Tim, while speaking of a class act, "you" are definitely on my list. Your posts on this forum are always insightful, informative, and unselfish, especially those profiles and tributes to our brother musicians/saxophonists.

I met David Bilger on three occasions when he was in town for a trade show. He was the first predominantly classical saxophonist I ever met that was very open to other styles of saxophone playing. We had some great dialogue and I had the wonderful experience of hearing play right in my face. I bought some of his recordings and several of his mouthpieces for my sons who were studying classical repertoire at the time. He was very kind, helpful, and generous with his time (a real teacher). After the first time I met him, a year later I saw him again and he remembered me. I always made a point of going by his booth so that I could hear that wonderful sound. His mouthpiece business seemed to be growing and he was expanding his line of mouthpieces, when the next thing I know he was gone. I only had a small snapshot of him, but my sons and me remember him.
 

·
Registered
Joined
·
1 Posts
It's a shame I hadn't found this thread a bit ago. I actually took piano lessons from his wife Dorinne until about a year ago. As far as I know, he passed away from acute leukemia and meningitis. Unfortunately I never was able to actually meet David, but Dorinne did occasionally give out their tapes and CD's for the holidays, and I must say their music was beautiful.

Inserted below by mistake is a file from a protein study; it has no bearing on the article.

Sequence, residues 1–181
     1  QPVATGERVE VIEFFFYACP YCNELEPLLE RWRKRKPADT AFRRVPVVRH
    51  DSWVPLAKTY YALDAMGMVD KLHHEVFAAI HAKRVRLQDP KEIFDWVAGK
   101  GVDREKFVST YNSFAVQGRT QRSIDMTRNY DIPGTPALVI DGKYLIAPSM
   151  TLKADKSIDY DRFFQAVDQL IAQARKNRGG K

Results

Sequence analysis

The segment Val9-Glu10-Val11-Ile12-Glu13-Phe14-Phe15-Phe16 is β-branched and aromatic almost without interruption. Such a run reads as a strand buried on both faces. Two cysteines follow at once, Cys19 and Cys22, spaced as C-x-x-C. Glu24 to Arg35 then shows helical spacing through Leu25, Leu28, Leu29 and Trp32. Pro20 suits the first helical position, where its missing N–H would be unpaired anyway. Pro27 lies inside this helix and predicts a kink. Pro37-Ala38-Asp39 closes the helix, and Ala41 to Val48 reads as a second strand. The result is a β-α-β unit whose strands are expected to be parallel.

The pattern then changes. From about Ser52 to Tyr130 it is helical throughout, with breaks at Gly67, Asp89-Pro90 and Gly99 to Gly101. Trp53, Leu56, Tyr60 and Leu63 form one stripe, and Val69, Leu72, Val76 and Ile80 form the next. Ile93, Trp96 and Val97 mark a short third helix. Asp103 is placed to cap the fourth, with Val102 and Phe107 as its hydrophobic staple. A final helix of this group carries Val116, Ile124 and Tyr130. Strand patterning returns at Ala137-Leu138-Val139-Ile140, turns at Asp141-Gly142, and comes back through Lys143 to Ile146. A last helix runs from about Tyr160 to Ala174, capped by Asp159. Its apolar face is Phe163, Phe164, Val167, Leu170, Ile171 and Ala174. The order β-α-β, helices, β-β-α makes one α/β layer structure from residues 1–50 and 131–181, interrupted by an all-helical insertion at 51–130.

·
Registered
Joined
·
1 Posts
David was an amazing sax player. He was also an amazing teacher who helped my playing greatly. Dorinne was wonderful as well. They were both extremely sweet people.
 

·
Registered
Joined
·
2 Posts
Hey All,

I am glad to see all of the support for Bilger Mouthpieces and good things being said about David Bilger. As a former student of Dave's it is really nice to see that he is still held in such high regard. For those of you who are interested here is the contact information for Bilger Mouthpieces.

Bilger Products
11013 Fuqua, PMB #240
Houston, Texas 77089
Phone: (713) 725-4824
email: [email protected]

All of the mouthpieces are the same name and models; none of the specs. on any of the mouthpieces have changed either. Please shoot me a line if you have any questions or inquiries.

Thanks,

Matthew McCoy - Director of Operations
 
1 - 20 of 25 Posts
Top